A federal judge Wednesday denied a request from presidential assailant John Hinckley Jr. (search) to spend several days at a time away from a mental hospital.
But U.S. District Judge Paul L. Friedman said the man who shot President Reagan (search) can continue making shorter, overnight visits with his parents without supervision, despite objections from prosecutors who wanted those visits stopped.
Under the ruling, Hinckley can take up to six, 32-hour visits with his parents at a hotel in the Washington area, with hospital assessments required after each visit. Hinckley had sought permission to stay four nights at his parents' home in Williamsburg, Va., every two weeks.
Officials at St. Elizabeths Hospital in Washington had suggested instead that Hinckley be allowed to spend Thanksgiving and Christmas at his family's home before being granted regular visits. Federal prosecutors opposed both plans.
His attorney, Barry Levine, was out of town and unavailable for comment, his secretary said.
Hinckley, 49, has lived at the hospital since he was acquitted in 1982 by reason of insanity in the shootings of Reagan and three others. Hinckley said he shot Reagan to impress actress Jodie Foster (search).
He has gradually won permission to leave hospital grounds, first with escorts and, more recently, for short, unsupervised visits with his parents. He has taken six daylong visits and two overnight visits in the Washington area since last year, all without incident.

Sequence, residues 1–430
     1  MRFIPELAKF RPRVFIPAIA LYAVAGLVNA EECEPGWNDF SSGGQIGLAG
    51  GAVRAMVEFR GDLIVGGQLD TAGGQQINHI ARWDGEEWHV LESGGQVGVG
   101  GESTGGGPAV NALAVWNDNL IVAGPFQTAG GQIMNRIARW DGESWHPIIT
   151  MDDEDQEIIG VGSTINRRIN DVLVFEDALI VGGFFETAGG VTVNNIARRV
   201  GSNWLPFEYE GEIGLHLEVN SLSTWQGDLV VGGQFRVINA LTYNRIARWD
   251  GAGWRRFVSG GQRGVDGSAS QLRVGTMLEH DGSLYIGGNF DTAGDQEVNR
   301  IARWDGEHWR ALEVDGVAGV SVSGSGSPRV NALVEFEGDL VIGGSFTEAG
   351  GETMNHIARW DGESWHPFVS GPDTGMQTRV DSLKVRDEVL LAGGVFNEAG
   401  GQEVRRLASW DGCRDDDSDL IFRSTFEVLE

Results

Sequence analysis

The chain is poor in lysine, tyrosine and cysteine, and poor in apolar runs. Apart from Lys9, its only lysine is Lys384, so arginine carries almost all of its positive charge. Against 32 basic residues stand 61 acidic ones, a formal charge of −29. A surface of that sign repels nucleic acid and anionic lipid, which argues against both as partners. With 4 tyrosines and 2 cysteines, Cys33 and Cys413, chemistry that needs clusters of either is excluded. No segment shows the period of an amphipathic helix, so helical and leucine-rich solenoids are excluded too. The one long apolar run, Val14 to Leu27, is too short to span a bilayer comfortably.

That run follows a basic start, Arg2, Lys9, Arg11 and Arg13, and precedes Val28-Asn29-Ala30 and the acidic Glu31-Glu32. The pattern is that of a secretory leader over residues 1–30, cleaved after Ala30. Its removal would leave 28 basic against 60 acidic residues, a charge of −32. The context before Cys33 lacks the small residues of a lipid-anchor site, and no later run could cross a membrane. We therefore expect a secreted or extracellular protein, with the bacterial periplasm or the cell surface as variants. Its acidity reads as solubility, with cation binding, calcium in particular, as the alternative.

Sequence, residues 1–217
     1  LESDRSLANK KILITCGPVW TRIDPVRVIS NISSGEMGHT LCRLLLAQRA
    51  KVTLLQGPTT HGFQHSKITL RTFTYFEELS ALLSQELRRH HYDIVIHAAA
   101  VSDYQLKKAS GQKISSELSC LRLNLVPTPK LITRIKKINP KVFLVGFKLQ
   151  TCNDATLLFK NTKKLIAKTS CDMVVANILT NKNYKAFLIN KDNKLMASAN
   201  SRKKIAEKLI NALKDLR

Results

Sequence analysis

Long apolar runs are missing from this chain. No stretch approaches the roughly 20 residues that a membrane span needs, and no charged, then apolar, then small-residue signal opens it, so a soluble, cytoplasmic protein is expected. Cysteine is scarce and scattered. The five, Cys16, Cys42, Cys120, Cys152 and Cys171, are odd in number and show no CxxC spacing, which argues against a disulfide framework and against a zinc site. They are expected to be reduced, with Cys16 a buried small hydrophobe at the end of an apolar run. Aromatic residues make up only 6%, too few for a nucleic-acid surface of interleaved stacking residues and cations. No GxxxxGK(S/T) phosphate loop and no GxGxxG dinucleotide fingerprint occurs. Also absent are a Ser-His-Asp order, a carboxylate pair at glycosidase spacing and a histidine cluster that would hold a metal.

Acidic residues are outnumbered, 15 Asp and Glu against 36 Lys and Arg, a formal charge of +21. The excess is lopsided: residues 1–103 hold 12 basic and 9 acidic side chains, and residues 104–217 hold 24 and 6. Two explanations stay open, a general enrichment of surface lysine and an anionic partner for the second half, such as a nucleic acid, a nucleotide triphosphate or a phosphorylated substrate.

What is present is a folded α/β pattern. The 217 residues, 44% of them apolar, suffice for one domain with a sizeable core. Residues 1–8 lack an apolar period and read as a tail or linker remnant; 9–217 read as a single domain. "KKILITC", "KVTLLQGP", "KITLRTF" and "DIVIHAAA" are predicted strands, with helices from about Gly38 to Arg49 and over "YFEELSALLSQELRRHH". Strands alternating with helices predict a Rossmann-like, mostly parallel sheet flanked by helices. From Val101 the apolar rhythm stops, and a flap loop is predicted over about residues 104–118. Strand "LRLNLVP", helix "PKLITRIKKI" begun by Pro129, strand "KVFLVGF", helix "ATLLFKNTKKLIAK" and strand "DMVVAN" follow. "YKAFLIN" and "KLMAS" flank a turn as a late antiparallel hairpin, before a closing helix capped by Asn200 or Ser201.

Secret Service agents monitor Hinckley during each trip outside the hospital. Friedman's ruling requires hospital officials to submit a detailed itinerary to the court and the government at least two weeks before each excursion by Hinckley.
During a five-day hearing this month, government lawyers contended Hinckley has a troubling relationship with his former girlfriend, Leslie deVeau, that must be resolved before he could be allowed to take more unsupervised visits. Citing Hinckley's obsession with Foster, prosecutors said he has a "pathology regarding his perception of relationships with women."
Hinckley and DeVeau had a romantic relationship while both were confined at the hospital, but DeVeau broke it off several years after she was released in 1990. Since then, she and Hinckley have remained close friends, but prosecutors said it is unclear whether Hinckley has come to terms with the breakup. The two still talk on the phone twice a day and she visits him once a week.
Hinckley's therapist and a senior hospital psychiatrist, who supported his request for longer visits, said Hinckley has overcome the breakup and no longer poses a danger to himself or others. Doctors who have treated Hinckley testified that his mental illness has been in remission for more than a decade.
Channing Phillips, a spokesman for the U.S. Attorney's office in Washington, said the government would have no comment until it could study the opinion.